It felt good to be behind the wheel of a brand-new tractor-trailer after months of COVID-induced quarantine – even if the plains of Central Texas aren’t the most scenic country a driver could ask for.
But if you want to visit Peterbilt, you’re going to Texas – Denton, Texas, to be precise. The flat, open, terrain simply comes with the territory. And believe me, if you’re a Peterbilt fan, you most definitely want to drive the new 2021 Model 579 tractor. It’s a new version of Peterbilt’s flagship highway tractor, which debuted to much fanfare way back in 2012.
At the time, the Model 579 marked a new way forward for Peterbilt. The truck was an aerodynamic departure for the OEM, with a comfort- and efficiency-focused interior crafted with massive input from driver and fleet focus groups.
Since then, the Model 579 has received several upgrades and enhancements, including the addition of a highly effective “Epiq” aerodynamic package that boosted the truck’s fuel economy by as much as 10% compared to a base Model 579, and in 2018, the integrated UltraLoft sleeper cab.
The latest version of the Model 579, however, is more than just a few exterior tweaks and trims. The new truck, which Peterbilt is calling the “New Model 579” for this, the first year of its launch, is the first major upgrade and reworking of the truck since its debut nine years ago.
The New Model 579 is the baby of Peterbilt Product Marketing Director Jacob White, who would be spending the day with me in the truck as I put it through its paces on the lonely highways outside of Denton.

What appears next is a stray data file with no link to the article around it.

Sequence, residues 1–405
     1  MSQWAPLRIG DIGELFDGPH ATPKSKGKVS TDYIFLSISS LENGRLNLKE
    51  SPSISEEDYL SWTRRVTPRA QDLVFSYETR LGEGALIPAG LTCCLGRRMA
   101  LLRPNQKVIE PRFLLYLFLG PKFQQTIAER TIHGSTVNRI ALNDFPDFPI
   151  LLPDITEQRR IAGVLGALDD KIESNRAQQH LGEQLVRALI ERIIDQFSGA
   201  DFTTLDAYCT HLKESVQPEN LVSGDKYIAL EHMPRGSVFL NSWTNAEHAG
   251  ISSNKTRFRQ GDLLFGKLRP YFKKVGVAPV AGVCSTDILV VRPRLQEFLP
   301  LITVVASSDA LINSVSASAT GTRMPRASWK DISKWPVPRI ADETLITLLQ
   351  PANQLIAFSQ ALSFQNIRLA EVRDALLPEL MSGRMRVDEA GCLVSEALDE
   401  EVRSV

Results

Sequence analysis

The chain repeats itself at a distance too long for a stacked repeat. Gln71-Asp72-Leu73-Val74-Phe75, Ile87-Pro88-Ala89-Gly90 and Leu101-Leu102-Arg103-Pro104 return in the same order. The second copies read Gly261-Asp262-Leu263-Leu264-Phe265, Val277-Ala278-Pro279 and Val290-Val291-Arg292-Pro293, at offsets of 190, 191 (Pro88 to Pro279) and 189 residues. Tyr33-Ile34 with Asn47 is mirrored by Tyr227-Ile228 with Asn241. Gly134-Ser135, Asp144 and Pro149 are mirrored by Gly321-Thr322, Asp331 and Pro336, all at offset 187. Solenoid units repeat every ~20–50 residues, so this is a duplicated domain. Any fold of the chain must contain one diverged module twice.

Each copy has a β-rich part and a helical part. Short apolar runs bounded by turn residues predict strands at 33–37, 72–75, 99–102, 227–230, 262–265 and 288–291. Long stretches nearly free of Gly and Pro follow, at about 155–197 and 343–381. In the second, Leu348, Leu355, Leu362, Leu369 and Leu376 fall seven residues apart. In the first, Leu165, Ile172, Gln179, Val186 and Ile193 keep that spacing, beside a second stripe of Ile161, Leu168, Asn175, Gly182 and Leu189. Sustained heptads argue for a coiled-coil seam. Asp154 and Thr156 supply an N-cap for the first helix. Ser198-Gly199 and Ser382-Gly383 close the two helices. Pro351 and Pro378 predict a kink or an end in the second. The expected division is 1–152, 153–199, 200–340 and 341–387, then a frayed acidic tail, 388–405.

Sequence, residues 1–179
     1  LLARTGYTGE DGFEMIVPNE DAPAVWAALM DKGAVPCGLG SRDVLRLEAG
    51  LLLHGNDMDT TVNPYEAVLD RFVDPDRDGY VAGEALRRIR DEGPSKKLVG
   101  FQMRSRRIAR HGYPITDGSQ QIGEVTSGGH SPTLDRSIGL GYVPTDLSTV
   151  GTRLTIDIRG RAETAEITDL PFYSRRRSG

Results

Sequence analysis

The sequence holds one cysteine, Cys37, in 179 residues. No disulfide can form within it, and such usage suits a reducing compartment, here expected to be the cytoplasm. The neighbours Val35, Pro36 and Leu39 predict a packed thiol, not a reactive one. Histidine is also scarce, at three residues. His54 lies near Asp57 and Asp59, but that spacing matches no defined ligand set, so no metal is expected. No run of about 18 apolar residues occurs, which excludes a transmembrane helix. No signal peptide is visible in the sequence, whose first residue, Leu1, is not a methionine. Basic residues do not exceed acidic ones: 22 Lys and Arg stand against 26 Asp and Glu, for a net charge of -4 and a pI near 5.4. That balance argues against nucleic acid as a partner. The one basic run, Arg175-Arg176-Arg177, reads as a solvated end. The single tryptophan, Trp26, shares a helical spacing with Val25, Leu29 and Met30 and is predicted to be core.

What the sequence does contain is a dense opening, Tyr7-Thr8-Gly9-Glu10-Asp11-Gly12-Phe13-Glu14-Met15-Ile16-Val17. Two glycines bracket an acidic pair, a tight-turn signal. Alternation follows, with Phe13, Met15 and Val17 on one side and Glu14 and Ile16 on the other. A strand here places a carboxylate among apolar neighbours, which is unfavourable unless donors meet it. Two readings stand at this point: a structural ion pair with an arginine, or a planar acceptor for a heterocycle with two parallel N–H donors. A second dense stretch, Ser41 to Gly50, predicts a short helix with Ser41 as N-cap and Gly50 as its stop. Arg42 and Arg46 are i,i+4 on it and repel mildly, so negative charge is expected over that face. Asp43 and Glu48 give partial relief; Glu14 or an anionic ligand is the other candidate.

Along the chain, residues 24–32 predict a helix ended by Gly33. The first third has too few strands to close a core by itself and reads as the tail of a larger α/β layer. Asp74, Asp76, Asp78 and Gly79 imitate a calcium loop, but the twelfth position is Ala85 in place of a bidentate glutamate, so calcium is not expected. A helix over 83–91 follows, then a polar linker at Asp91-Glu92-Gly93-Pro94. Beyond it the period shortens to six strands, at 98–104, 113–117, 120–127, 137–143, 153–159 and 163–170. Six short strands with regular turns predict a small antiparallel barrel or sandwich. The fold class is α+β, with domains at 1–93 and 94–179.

The New Model 579 is, in many ways, an all-new truck.
For one thing, its already-sleek aerodynamic front end has been enhanced. “To do that,” White explains, “we had to lower the radiator for better airflow and visibility. And that meant we needed to stiffen the truck’s chassis by 15% to accommodate those changes. This redesigned chassis was paired with new, acoustically tuned engine mounts, which support highway cruising at 1,500 rpm while delivering an improved ride and significantly quieter cab interior, which is 10% quieter than the previous Model 579.”
But, at its core, White says, the New Model 579 is, quite simply, the most technologically advanced truck Peterbilt has ever built. It is jam-packed with new features and new technology, a highly refined host of aerodynamic enhancements, as well as optimized comfort and efficiency features inside the cab and sleeper.
Cutting-Edge Looks and Aerodynamic Performance
Walking up to the New Model 579 for the first time, you’re struck by the sleek overall front profile. White says the development cycle for the new model took five years, and it shows. The most striking feature is the new hood, which is crafted from a lightweight resin material called Metton. It’s narrower than the hood on the previous 579 models – and more resistant to damage, White says. Of course, the iconic Peterbilt “bird” ornament sits proudly at the crest of the bold, stainless-steel radiator, with complementary side accents and low, lean fenders with sculpted “valleys” near the truck body giving a sly design nod back to Peterbilts of old.
Adding to the overall front-end look are new, innovative (optional) LED headlamps, a three-piece bumper design, and some well-thought-out fog lamps. The bumper has been designed from the drawing board to seamlessly incorporate a forward radar cover for collision mitigation systems, while the fog lights are fully integrated to complement the high-beam lamps. Cornering lights illuminate both front bumpers when turning at night – one of several new features based on extensive driver input during the design phase.
The new rear-view mirrors jump out at you, too. There will be two mirror options on the New Model 579. My test truck was fitted with the new, cutting-edge Advanced Aero Mirror option and the new Peterbilt Digital Vision System – a rear-view camera system that will be available as an option beginning this fall.